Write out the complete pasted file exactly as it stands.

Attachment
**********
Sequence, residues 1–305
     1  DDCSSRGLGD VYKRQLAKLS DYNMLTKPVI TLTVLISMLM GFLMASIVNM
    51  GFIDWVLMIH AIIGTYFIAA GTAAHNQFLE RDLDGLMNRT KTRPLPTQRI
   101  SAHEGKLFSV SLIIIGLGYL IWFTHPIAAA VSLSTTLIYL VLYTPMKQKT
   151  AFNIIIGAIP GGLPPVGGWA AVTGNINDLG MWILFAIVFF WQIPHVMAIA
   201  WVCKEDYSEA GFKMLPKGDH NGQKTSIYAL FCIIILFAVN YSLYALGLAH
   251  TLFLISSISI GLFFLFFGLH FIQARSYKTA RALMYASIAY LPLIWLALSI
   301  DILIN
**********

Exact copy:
Sequence, residues 1–305
     1  DDCSSRGLGD VYKRQLAKLS DYNMLTKPVI TLTVLISMLM GFLMASIVNM
    51  GFIDWVLMIH AIIGTYFIAA GTAAHNQFLE RDLDGLMNRT KTRPLPTQRI
   101  SAHEGKLFSV SLIIIGLGYL IWFTHPIAAA VSLSTTLIYL VLYTPMKQKT
   151  AFNIIIGAIP GGLPPVGGWA AVTGNINDLG MWILFAIVFF WQIPHVMAIA
   201  WVCKEDYSEA GFKMLPKGDH NGQKTSIYAL FCIIILFAVN YSLYALGLAH
   251  TLFLISSISI GLFFLFFGLH FIQARSYKTA RALMYASIAY LPLIWLALSI
   301  DILIN